Today, we look at the first and last wonder of the
world. The University of Houston's College of
Engineering presents this series about the machines
that make our civilization run, and the people
whose ingenuity created them.
We use the words "Eighth
Wonder of the World" to name each new engineering
marvel that comes down the road -- bridges, ships,
and rockets. Maybe it's time to look back at the
original Wonders. The 2nd-century BC Hellenistic
engineer Philon of Byzantium wrote a tract called
De Septem Orbis Spectaculis, --
literally, Of the Seven Spectacles of the
World. He listed:
The Lighthouse at AlexandriaSo the Seven Wonders of the Ancient
World are correctly those and those alone. They were
marvels, of course. The great 150-foot bronze
Colossus standing astride the jetties of Rhodes must
have been daunting indeed. Yet Philon's list did by
no means include the definitive great works for all
time. They were the seven grandest works that he
could identify in 150 BC. The Colossus lasted only 56
years before it was brought down by an earthquake.
All Philon actually saw of it was bronze rubble.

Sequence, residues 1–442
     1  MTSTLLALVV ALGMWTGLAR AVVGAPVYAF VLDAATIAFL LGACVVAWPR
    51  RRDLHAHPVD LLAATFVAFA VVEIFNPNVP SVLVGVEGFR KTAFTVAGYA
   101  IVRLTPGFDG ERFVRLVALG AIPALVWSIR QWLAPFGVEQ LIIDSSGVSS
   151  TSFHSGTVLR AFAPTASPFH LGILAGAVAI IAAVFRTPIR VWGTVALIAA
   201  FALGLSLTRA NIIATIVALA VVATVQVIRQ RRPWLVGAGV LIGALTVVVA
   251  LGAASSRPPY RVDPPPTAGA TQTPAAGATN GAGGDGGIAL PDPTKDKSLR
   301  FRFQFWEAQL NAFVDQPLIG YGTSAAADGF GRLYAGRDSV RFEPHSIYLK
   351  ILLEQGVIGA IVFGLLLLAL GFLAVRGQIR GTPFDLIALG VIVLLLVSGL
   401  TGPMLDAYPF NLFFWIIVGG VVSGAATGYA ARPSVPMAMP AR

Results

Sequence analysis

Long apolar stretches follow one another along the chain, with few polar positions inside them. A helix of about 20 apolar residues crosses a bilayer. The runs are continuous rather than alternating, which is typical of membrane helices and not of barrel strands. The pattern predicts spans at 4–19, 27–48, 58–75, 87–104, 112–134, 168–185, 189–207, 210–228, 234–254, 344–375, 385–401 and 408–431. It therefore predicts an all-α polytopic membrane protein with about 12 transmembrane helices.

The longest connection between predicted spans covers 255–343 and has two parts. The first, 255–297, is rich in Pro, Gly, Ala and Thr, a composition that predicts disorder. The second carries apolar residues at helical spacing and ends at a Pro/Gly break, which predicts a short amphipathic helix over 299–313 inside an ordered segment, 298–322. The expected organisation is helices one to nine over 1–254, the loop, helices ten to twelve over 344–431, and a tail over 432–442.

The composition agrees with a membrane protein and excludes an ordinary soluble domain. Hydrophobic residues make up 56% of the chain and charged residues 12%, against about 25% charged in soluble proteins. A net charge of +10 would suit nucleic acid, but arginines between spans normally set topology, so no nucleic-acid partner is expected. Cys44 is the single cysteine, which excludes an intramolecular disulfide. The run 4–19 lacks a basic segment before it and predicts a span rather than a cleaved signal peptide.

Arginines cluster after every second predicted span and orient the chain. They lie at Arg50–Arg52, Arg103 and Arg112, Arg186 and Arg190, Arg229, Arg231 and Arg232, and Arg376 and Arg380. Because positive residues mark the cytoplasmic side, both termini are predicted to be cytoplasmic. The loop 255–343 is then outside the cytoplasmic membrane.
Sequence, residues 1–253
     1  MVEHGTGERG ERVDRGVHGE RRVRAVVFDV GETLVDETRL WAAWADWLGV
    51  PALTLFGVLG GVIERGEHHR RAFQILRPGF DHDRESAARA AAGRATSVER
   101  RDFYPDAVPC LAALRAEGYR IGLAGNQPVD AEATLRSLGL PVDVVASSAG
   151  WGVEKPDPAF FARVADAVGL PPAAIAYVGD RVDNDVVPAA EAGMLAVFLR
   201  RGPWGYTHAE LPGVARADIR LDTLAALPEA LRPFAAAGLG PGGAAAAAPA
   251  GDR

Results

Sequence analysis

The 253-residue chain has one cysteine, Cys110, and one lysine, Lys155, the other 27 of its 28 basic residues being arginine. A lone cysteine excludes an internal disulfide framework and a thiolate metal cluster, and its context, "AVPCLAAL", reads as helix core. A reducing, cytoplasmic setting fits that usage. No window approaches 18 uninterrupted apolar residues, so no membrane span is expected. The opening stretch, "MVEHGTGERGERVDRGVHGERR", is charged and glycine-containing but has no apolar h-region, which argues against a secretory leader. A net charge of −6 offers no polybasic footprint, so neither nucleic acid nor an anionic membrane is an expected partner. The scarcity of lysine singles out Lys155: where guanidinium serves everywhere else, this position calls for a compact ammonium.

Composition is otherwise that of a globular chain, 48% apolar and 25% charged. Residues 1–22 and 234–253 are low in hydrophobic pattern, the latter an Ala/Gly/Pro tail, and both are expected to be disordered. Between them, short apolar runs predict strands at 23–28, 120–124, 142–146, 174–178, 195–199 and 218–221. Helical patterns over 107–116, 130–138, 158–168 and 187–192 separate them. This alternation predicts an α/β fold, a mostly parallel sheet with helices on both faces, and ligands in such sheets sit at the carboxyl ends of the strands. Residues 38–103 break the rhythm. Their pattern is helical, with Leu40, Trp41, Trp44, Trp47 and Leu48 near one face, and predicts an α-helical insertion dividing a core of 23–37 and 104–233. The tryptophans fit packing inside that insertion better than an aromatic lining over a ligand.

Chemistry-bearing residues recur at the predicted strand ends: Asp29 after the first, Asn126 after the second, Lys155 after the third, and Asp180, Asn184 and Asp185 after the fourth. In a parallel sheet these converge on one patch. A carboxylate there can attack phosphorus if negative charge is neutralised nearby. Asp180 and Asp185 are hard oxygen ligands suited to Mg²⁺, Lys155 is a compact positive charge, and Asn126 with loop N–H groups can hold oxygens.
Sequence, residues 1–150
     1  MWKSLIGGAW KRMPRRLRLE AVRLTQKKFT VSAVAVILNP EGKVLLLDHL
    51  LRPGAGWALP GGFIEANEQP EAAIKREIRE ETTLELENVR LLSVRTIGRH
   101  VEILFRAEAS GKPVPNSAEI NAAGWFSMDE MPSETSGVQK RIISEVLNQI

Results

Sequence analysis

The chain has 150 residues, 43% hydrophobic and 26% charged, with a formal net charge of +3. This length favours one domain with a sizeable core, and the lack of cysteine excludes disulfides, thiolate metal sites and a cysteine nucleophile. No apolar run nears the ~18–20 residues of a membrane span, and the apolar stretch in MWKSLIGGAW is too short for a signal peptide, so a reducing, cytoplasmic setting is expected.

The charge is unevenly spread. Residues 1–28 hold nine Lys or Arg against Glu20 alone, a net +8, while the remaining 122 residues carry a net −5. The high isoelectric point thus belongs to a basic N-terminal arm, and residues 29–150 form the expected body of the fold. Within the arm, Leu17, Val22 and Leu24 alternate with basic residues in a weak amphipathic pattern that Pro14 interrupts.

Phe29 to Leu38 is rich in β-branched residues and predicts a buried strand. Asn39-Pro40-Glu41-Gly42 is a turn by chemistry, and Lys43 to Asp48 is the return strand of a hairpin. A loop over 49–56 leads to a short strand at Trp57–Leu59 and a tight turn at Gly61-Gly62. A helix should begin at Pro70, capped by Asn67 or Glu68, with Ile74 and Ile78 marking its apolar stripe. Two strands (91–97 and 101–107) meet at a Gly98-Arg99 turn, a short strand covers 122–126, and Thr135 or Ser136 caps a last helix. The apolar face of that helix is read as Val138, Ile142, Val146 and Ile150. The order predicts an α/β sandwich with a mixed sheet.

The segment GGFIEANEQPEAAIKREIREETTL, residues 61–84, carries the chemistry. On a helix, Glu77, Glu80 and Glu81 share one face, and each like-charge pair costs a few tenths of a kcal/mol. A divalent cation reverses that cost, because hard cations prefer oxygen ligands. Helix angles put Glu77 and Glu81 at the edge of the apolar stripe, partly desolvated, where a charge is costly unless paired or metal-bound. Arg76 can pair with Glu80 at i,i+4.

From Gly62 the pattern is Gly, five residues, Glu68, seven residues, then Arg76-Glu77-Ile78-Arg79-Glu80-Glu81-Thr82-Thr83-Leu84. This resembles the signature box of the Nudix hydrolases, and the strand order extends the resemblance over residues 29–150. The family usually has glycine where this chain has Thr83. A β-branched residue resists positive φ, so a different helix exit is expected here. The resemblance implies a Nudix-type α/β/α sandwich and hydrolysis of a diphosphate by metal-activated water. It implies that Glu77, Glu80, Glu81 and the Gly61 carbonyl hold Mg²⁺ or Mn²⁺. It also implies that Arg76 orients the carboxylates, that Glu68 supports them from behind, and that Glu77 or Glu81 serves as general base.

The Hanging Gardens of Babylon
The Colossus of Rhodes
The Statue of Zeus at Olympia
The Temple of Artemis at Ephesus
The Tomb of Mausolus at Halicarnassus
The Great Pyramid of Cheops
But the oldest of the Wonders is the only one that
survives today, and it towers over the others. The
Great Pyramid had been around two and a half
millennia when Philon made his list, and it's with
us today. It stretches two and a half football
fields on each side. It stands one and a half
football fields high.
Today's mythology tells of slaves being whipped and
beaten and worked to death to build it. But the
ancient Egyptians didn't use slaves. The Great
Pyramid was made by hired workers, and by workers
who were obviously good at what they did.
When author Leonard Cottrell asks what a legitimate
list of Wonders would look like today, he opens an
odd can of worms. Would it still include great
constructions -- Hoover Dam and the World Trade
Center? Would Chartres Cathedral be more in keeping
with the spirit of the game? One candidate is the
Chicago sewage system. We're less inclined to call
that suggestion frivolous once we've studied its
vast, complex workings.
Sputnik was small, and it's rapidly being
forgotten; yet it represented a greater reach of
the human spirit than the Colossus did. The rules
of the game have clearly shifted. The really great
wonder of the late 20th century is the computer.
Yet the Great Pyramid is a Wonder that would surely
linger on today's list. We've seen larger
constructions by now, but they're all tainted by
material purpose. The Pyramid touches our hearts,
not by what it does, but by what it does not do.
That great sepulcher is an abstract exercise in
magnitude. It shows us the human mind chasing
grandeur as an end in itself.
I'm John Lienhard, at the University of Houston,
where we're interested in the way inventive minds